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Health and safety breach in Gloucestershire leads to severed finger and fine

by Direct 2 Lawyers on November 20, 2012

A Gloucestershire paper and the Health and Safety Executive are reporting that a Gloucester-shire based industrial company has been fined £4,000 after a nasty-sounding accident in its Lydney factory.

The Albany Engineering Company Ltd, set up in 1900, owns the industrial factory in Lydney, which produces industrial pumps. To produce the pumps the factory uses a variety of industrial machinery, including milling cutters. The accident occurred on 3 May 2012 and involved one of these cutters. An unnamed 17-year-old worker was using the cutter along with another working, each supporting a side of the pipe, when the teenager’s glove became caught in the cutter. This dragged is hand into the cutter and resulted in the index and middle fingers of his right hand being cut to the first joint.

Read more: Worker has four fingers amputated in health and safety accident

A Health and Safety Executive investigation followed which discovered that the accident had been caused by a lack of industrial safety guards on the milling cutter. The presence of such a guard which have substantially reduced the probability of such an accident occurring. The result of the Health and Safety Executive (“HSE”) investigation was a prosecution by HSE. The court was informed of five previous enforcement notices that had been served on the company at its factory in Bradford in 2011. The company had complied with these enforcement notices and made the changes at the Bradford factory but had not implemented such changes in its Lydney factory.

At court the Albany Engineering company pleaded guilty to a breach of health and safety legislation, including breaches of:

  • The Health and Safety at Work etc Act 1974; and
  • The Provision and Use of Work Equipment Regulations 1998

The court found that the company had failed to ensure the safety of workers and had failed to prevent access to dangerous machine parts. It was ordered to pay £4,000 as a fine and £1,962 in costs. The above reports do not specify whether the worker is considering making a claim for personal injury or whether he made a claim for constructive dismissal after resigning.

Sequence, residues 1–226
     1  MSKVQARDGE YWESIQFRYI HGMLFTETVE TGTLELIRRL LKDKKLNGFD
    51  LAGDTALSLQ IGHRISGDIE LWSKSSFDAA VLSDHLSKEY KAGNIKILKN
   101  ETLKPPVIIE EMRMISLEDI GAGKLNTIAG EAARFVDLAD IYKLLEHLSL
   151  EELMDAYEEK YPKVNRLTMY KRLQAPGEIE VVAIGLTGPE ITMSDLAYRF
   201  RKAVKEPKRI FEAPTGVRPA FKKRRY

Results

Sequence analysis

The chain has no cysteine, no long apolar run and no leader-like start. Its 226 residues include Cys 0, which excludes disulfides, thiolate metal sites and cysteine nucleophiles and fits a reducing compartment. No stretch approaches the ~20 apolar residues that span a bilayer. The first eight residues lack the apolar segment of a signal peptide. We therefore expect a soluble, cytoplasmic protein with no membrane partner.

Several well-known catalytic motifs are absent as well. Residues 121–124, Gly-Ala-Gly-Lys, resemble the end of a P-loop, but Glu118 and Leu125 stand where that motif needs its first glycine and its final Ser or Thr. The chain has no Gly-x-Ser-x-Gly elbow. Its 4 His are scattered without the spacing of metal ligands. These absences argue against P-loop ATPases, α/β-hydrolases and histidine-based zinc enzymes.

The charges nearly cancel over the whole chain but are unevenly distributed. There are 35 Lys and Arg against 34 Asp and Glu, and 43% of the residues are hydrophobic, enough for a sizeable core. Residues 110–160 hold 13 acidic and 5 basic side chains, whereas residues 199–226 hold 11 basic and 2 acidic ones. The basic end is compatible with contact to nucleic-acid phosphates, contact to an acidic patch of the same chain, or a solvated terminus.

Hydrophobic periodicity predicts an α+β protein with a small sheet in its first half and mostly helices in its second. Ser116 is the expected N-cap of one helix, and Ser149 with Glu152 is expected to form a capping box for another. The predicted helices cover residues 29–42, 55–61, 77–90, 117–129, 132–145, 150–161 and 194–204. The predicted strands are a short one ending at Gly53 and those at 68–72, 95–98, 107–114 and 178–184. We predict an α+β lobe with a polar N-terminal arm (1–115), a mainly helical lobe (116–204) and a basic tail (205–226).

Read more: 10 tips on preparing your constructive dismissal claim

Having had a look at the circumstances of the breach of health and safety we’ll now examine the following issues:

  1. What obligations do businesses have under Health and Safety law?
  2. How could the accident have been avoided?

What obligations do businesses have under Health and Safety law?

Employers have duties to ensure the health and safety of their employees and third parties who are on their premises. The main piece of legislation that covers health and safety is the Health and Safety at Work etc Act 1974 (which the company was prosecuted under above). Under the HSWA 197 employers must take reasonably practicable steps to provide:

  • A safe working environment
  • A safe system of work
  • Safe tools, appliances and equipment
  • Protection from hazards
  • Any necessary training and instruction to your staff

In addition to this employers also have a common law duty to prevent harm from occurring to employees and third parties.

How could the accident have been avoided?

The accident could obviously have been avoided by installing the necessary industrial guards on the machinery. However, such a statement isn’t really helpful. What the company should have done is:

  • Regularly carry out risk assessments of its factories to identify hazards
  • Implement any recommended changes
  • Comply with the enforcement notices of the Health and Safety Executive

Direct 2 Lawyers offer specialist representation by employment lawyers and have barristers and solicitors that can represent employers in Health and Safety prosecutions

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